Tuesday, October 30, 2007


I think Carl Edwards is a good guy to help build NASCAR's popularity.

He's just not popular with his Roush Fenway teammates.

Matt Kenseth wouldn't be anywhere near the top of my list of drivers most likely to get tangled in a PR battle, but that's what happened. SPEED's fortuitously placed cameraman caught Edwards' (left) "conversation" with his fellow Roush Ford driver as both were walking out of Martinsville.

I hope somebody sent Ron Dennis the YouTube link to help ease his Fernando Alonso-Lewis Hamilton heartburn. (!)

I listened-in to Edwards on NASCAR's media teleconference last week and wasn't surprised he began with an apology. What got my eyes saucer-wide, though, was that Mr. Backflip didn't leave it there, just pass it off as a mistake. Instead, he launched into a widely-reported discourse on the lack of "team spirit" at Roush. With his answer to each question ("Matt Kenseth and I have not spoken -- I don't think Matt's voluntarily said two sentences to me in the last six months") -- Carl progressively fed the media beast for an all-too predictable controversy. Kenseth later had his say, Greg Biffle had his the night before on TV, and even Kevin Harvick felt free to voice his opinion on a call the next day with Western state reporters.

Hey, at least Carl got to split for Memphis, for (what turned out to be an ugly) Busch Series event!

I don't know if Edwards spoke out on his own, or if there was some PR huddling, but it was a mistake. UNLESS Carl's true purpose was to put public pressure on his team and teammates to deal with what should have been an internal matter. Maybe, just maybe, he had tried to sort-it-out in-house and it wasn't happening?

The sidebar fascination in all of this was how jumbled the "expert" opinions came out. USA Today's man wrote that Edwards and Kenseth "have so much in common." Yes, and Rudy Giuliani and Hillary Clinton both are New York politicians.

An ESPN NASCAR Now analyst did cite the two drivers' numerous personality differences. A show "insider," however, earned the week's biggest "WHAT THE . . . ?!" by calling on Biffle to "step-up" within the Roush driver corps. You betcha! There's a better chance Al Gore will invite George W. Bush to his Nobel Peace Prize ceremony.

Having lived through the Mario Andretti-Nigel Mansell saga at Newman/Haas in 1993 and 1994, I sympathize with Jack Roush. I can also assure him of this: The sun will come up tomorrow. That does not mean, though, he shouldn't do what must be done to Band-Aid -- if not heal -- this wound. Let me tell you from experience, Jack, it WILL hurt your team's performance. I believe Ron Dennis would say the same.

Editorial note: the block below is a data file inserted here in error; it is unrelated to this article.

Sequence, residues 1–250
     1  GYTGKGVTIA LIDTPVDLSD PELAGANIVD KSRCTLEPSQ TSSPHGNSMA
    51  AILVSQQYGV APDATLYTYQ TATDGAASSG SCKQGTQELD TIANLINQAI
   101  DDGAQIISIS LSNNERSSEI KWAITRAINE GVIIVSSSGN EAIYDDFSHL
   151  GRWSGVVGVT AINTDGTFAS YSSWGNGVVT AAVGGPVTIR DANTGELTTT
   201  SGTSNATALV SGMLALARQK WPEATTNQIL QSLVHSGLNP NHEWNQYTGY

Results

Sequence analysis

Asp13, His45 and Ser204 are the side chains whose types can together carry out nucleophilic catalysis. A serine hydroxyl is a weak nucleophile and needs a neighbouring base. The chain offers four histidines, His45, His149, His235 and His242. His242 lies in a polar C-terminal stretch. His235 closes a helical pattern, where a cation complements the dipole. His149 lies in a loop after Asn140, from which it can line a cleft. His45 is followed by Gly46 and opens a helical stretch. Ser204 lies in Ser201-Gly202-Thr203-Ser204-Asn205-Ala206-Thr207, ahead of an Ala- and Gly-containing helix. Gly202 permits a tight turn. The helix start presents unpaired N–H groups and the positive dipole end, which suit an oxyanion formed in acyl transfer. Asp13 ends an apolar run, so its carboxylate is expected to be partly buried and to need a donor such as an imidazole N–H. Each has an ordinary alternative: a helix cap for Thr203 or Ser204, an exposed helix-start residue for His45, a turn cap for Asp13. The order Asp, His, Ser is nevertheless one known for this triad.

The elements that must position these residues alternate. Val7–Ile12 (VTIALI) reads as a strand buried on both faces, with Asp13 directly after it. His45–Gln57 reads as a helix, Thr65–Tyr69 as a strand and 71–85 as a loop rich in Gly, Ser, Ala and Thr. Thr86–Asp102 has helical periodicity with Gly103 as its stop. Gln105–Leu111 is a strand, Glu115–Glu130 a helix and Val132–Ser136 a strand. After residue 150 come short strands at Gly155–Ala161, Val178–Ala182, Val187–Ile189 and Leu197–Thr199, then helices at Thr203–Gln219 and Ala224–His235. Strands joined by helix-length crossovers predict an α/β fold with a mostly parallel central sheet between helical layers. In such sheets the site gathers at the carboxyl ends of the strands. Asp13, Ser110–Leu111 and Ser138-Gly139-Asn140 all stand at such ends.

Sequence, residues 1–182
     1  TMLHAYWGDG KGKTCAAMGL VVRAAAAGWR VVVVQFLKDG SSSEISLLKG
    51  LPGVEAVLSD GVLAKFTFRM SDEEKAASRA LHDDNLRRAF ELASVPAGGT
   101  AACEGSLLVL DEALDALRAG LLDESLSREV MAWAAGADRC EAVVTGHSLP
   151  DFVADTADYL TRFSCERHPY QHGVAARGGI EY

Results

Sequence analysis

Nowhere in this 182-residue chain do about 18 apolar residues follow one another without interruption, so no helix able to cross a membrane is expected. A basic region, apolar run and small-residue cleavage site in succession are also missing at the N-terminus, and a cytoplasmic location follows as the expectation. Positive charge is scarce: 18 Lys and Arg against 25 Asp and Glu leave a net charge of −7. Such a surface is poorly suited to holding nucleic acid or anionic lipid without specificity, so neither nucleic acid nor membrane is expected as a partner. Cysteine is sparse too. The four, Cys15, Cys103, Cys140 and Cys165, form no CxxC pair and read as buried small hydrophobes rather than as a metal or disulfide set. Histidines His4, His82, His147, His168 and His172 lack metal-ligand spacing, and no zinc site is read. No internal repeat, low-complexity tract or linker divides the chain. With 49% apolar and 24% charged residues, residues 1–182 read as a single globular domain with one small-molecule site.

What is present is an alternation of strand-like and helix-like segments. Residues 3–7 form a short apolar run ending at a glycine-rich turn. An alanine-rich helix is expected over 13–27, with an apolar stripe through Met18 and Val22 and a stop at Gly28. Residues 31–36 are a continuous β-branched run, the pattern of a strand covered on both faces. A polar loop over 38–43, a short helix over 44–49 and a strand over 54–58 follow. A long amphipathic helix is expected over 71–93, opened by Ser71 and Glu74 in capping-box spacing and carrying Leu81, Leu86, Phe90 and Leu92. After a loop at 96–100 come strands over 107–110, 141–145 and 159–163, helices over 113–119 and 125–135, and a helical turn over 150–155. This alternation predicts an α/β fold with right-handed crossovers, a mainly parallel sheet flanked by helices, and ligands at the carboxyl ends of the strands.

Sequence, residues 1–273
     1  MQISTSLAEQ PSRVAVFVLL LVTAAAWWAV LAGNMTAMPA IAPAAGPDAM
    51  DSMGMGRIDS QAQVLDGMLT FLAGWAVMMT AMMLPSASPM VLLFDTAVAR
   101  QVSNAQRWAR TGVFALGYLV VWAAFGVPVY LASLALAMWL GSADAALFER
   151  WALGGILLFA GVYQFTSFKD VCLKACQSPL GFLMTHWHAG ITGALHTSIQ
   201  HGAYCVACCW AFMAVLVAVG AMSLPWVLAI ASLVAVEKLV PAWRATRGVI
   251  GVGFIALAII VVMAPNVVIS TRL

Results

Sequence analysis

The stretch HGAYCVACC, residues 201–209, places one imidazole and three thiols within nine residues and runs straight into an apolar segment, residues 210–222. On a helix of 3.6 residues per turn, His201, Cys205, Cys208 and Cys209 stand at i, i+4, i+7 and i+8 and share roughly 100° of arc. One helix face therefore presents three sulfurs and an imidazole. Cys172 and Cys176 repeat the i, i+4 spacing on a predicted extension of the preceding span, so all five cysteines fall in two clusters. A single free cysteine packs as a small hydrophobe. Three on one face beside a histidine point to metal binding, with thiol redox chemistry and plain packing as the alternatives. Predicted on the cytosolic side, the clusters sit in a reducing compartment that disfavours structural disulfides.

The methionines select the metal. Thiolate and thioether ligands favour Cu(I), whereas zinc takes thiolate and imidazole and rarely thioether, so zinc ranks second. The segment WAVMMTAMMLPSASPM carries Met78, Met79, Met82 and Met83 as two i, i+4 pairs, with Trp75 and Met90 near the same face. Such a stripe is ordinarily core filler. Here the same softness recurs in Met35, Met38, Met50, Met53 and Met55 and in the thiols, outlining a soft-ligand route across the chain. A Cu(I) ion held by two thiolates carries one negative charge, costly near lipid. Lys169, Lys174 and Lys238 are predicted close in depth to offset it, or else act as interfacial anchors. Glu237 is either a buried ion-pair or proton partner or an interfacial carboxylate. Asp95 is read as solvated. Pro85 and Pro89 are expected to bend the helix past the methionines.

Those who know of my deep interest in politics and the PR biz will understand why this got my attention: "Conflicts of Interest: Burson-Marsteller and Hillary Clinton's Alliance," by former President Clinton strategist (now anti-Hillary) Dick Morris and his wife, Eileen McGann. Accept or reject as you wish, but it's interesting reading:

While we're on the subject of our government-at-work, educate yourself about this media relations fiasco by FEMA during the California fires. With no legitimate reporters at a news conference (called with little notice), staff PR people did the question-asking!:
Saturday's Busch Series "race" at Memphis was the worst since . . . ??? I'd say CART's in Australia in 2002, ruined by a non-stop downpour and terrible officiating decisions. Memphis had 25 cautions for 117 of the 253 laps! As radical as it sounded, Rusty Wallace had it right on ESPN2, when he said NASCAR should have thrown the red at halfway and called the drivers together for a chewing-out. In a refreshing bit of broadcast-booth candor (where typically every race is called a "great" race), Rusty described Memphis as "bad."

Sunday, Wallace got teary-eyed on ABC, following a pre-Atlanta video feature on 1992 Cup owner-driver champion Alan Kulwicki.

Larry Henry's "This Week in Ford Racing" podcasts have begun in advance of Ford Championship Weekend at Homestead-Miami Speedway. Larry will be podcasting from the track race weekend. Last year, he put up over three hours of material. I don't understand why more sponsors and teams aren't utilizing this sort of "new media" technology. Check it out at http://fordracing.com/ .
Here are links to my stories about Kevin Harvick and John Force/Robert Hight in last Friday's Arizona Republic:


I'll be in Pomona this weekend for the NHRA championship finale. On Saturday, AARWBA will present its Rick Mears "Good Guy" Award to Gary Scelzi in a media center ceremony.

Jim Wilson, the longtime Indianapolis broadcaster and former AARWBA president, is in the cardiac intensive care unit at Indy's St. Vincent's Hospital after suffering a heart attack during surgery.

For some, unexplained, technical reason, even though I posted as usual last Tuesday a.m., it seems many of you could not access the new blog until Thursday. If you missed my tribute to Shav Glick, please scroll down.

[ more Blogging the Chase next Tuesday . . . ]